“I had seen his setup of acrylic paints, the colors he’d use and how he lined them up on a piece of wet paper towel so they’d stay wet for a few days. So I set myself up that way, and started drawing and painting lamps and stuff, and every once in a while he’d pass by and go, ‘Well! That’s interesting, but what if you did this?’”
Mark Hess has been drawing and painting for as long as he can remember. His passion for work, love for art, and love for people, combined with a creative curiosity, have always pushed him to discover new techniques and to delve into various disciplines in addition to illustration. He’s received hundreds of awards from art journals and organizations worldwide, and has created scores of magazine, book, and record covers, as well as ad campaigns. He lives in a rural setting near NYC with his wife of 45 years.
Apprenticeship in the arts is a tradition with long roots. However, over the last century or so, college degree programs have mostly replaced apprenticeships in the arts. Mark, however, is among the very few painters alive today who learned his craft as an apprentice. His career as a painter began at the side of his father, acclaimed painter, graphic designer, and fellow Graphis Master Richard Hess (1934–1991).
Here’s a snippet from Mark Hess’s interview:
How did your apprenticeship start?
Well, neither of us really knew how it should go. The old man had been a guest lecturer in classes, but he was never a teacher. He was popular and always in demand as a designer, as well as an illustrator. As a result, he was always overworked, never sleeping for more than four hours a night, and he took every assignment that was offered to him… So when I came to his office during the day, he’d be really busy and just kind of ignore me. He then set me up with a little drawing table in the corner and I would just doodle and fuss around, and maybe he’d say, “Okay, here’s an assignment: there’s a guy sitting by the water and in his reflection, the guy’s eyes are open but in the real life his eyes are closed.” That was actually one of my first assignments from him, and I was like, “Umm… What?” So I worked out this sketch and started painting, even though I thought it was crazy, and he didn’t actually tell me anything about how to do it. I had seen his setup of acrylic paints, the colors he’d use and how he lined them up on a piece of wet paper towel so they’d stay wet for a few days. So I set myself up that way, and started drawing and painting lamps and stuff, and every once in a while he’d pass by and go, “Well! That’s interesting, but what if you did this?” And he’d get me up and he’d sit down and take the brush, and he’d start painting. He’d be like, “See how on this tree, if you make the light come from this way, you can get the bark to do this…” And I would sit there in rapt awe, because he would take what I thought was pretty shitty and make it something that looked really cool. Then I’d sit there and paint all these little trees, based on what he said. He did that once with clouds, and once with some bricks from a building I was doing—he’d literally spend about ten minutes with me, then walk away, because he was busy. Then at night, after the hubbub of the day was done, at maybe 7 o’clock, he’d come back from dinner and we’d sit from then until 11 or 12, just painting near each other—or he’d do his design work and I’d paint—and it was the same. He might come over and say, “Oh, you’re using cadmium red… Use red ocher instead.” He’d give me little hints like that.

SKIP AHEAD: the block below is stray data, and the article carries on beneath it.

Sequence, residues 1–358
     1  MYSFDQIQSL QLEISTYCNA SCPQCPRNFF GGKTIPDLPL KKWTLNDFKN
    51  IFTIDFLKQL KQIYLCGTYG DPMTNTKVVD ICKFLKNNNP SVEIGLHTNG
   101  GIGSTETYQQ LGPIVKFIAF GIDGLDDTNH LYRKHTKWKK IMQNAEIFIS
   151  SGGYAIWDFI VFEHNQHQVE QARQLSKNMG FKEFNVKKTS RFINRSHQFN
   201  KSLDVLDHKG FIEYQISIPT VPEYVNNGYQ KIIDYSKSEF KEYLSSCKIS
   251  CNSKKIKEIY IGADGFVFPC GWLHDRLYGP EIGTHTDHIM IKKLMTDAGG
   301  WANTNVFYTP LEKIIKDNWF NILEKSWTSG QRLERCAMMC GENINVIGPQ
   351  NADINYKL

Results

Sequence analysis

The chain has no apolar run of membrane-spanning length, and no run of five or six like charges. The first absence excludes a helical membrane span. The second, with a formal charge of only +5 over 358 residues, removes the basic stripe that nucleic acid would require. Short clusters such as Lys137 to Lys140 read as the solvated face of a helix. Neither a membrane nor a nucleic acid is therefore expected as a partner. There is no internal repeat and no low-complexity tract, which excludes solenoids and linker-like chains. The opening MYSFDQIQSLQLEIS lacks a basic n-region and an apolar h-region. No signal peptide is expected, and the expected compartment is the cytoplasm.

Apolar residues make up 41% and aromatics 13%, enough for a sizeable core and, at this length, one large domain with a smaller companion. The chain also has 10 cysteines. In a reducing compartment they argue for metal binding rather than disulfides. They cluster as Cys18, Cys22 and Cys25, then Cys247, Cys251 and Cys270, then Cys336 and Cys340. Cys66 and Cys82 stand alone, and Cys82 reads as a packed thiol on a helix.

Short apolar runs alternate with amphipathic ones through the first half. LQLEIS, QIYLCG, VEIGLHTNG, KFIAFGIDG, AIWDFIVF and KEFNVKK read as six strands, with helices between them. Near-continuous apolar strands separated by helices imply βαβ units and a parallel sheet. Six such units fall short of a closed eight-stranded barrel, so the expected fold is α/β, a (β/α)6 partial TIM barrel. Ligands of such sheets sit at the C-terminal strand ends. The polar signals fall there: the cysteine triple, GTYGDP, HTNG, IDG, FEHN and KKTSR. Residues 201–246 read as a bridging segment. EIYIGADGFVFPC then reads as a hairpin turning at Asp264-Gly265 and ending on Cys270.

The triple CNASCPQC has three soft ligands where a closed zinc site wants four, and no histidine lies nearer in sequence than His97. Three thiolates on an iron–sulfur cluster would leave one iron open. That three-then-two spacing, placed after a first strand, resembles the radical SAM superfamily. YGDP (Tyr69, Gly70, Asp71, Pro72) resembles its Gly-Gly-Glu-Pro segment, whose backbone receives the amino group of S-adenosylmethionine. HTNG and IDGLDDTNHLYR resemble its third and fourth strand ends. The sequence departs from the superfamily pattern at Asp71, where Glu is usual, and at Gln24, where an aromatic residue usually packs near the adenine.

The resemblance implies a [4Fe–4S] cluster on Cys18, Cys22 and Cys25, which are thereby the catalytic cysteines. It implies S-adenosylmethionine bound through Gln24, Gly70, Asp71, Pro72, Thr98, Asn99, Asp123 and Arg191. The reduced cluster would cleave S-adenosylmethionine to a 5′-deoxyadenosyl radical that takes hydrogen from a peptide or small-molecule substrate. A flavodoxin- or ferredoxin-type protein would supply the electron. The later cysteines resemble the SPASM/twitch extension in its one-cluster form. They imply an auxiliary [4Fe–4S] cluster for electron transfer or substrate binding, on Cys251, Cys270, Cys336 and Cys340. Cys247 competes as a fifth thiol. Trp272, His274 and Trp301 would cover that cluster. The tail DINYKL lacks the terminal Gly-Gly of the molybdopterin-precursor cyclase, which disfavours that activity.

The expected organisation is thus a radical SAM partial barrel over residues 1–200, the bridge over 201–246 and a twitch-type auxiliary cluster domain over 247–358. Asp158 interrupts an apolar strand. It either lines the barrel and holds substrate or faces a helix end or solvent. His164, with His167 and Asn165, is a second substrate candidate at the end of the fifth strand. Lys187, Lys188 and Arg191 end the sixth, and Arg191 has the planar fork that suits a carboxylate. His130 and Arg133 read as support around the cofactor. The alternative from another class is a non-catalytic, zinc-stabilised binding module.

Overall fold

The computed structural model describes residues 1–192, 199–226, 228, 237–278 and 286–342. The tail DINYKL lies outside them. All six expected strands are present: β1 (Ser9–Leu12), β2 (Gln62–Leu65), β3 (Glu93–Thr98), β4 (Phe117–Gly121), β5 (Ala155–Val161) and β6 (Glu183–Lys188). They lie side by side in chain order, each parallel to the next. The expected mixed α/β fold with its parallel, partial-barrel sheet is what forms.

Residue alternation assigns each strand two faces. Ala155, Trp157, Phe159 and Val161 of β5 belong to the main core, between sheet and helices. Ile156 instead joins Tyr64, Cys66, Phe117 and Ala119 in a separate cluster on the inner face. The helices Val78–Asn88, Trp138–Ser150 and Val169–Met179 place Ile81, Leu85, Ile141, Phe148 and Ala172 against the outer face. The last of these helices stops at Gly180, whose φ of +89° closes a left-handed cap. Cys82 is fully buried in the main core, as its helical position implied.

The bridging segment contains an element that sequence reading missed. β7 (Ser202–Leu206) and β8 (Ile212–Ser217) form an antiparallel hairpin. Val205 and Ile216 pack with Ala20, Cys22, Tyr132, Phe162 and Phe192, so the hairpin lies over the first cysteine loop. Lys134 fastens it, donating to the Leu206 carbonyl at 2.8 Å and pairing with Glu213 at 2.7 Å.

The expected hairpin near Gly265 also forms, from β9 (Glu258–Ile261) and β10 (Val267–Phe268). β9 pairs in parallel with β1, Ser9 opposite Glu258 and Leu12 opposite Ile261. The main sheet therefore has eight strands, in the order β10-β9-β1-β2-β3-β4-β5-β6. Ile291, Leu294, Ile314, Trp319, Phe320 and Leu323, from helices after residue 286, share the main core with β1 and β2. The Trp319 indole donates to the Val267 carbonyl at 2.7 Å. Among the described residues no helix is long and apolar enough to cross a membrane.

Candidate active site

Read more of Mark Hess’ interview and discover other great artists and educators in Graphis Journal #374, which you can purchase online at graphis.com.